Our good friend Dave Lehl is at it again and this time he's moved out of the snow and into the skate park. To add a bit of flare to the standard skateboarding shot Dave taped sparklers to the bottom of the board and used smoke bombs to set the mood. Check out the full post to a link to the high res finished shots.
Every Week Benjamin Von Wong releases new behind the scenes content for your viewing pleasure. This week Ben takes off for Paris and tackles the challenge of shooting a piece of fine art called the “WOM dog” by Cyril Anguelidis. Ben and his talented fire-wielding partner-in-crime, Andrey DAS, took their time in pre-production. They sketched out what exact effects were to be used around the expensive sculpture for the most dramatic look, while still keeping the crew and subject safe.
In my opinion, nothing is sexier than a glossy black surface. And you don't even need a black backdrop sweep to achieve it.
During my time as the lifestyle photographer for JackThreads, I shot many different products in many different ways. Since I was shooting an average of 10 brands per day, I had to work quickly and in a tiny space. Through working in this condition, I developed some cheap and easy lighting scenarios.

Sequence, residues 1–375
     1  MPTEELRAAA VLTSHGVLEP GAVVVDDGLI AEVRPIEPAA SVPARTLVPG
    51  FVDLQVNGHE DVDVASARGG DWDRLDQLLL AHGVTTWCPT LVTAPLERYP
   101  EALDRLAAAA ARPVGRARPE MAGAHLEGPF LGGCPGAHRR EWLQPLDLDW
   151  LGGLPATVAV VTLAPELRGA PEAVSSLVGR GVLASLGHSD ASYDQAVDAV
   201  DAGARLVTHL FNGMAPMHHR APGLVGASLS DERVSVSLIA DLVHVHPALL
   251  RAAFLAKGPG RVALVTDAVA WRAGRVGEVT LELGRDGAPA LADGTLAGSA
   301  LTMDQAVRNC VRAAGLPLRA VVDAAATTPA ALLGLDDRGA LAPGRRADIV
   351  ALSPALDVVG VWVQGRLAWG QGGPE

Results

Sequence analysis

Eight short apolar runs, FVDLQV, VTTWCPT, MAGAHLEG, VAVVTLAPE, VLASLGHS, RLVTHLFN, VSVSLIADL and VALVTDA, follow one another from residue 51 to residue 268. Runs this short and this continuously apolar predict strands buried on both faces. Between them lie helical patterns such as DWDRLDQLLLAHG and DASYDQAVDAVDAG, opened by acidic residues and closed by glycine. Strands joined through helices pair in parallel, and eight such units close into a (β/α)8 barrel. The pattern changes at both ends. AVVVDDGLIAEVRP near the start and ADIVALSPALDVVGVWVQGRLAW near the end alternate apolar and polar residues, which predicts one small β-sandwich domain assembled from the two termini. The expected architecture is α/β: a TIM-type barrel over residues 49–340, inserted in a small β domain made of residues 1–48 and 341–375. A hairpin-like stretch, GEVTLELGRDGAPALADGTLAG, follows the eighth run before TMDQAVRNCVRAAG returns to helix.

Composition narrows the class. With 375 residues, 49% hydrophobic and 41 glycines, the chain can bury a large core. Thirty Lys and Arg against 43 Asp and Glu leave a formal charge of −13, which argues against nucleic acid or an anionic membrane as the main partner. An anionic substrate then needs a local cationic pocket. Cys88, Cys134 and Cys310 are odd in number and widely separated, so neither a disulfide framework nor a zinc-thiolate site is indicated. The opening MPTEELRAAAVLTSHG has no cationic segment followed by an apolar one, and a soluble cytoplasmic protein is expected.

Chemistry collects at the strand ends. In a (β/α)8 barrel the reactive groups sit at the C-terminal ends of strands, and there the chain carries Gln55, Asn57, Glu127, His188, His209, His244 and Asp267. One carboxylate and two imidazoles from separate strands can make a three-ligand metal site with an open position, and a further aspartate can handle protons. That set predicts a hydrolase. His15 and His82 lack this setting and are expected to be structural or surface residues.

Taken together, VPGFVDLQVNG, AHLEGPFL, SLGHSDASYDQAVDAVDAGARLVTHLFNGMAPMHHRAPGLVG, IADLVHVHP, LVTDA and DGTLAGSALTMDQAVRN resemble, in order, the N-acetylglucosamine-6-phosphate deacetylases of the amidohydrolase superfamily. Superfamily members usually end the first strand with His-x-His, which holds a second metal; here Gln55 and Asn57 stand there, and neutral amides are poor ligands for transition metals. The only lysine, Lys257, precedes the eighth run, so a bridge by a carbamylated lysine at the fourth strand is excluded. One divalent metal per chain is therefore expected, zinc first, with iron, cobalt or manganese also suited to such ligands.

So I have seen quite a bit of caricature portraits and fell in love with them. I decided to try my hand at doing a few and kind of fell into a new little series with them. Everyone who has seen them has asked if I could shoot them or their families in this style. This little tutorial will show you how I go about doing these shots.
Back in November Profoto released a new softbox, the RFI line of softboxes that come in several shapes and sizes along with several other new features. Stockholm-based photographer, Tobias Björkgren, was one of the very first to try out the new softboxes at his studio. He chose to test the RFi 1×1.3’ and the RFi 1×6’ on model, Kajsalina.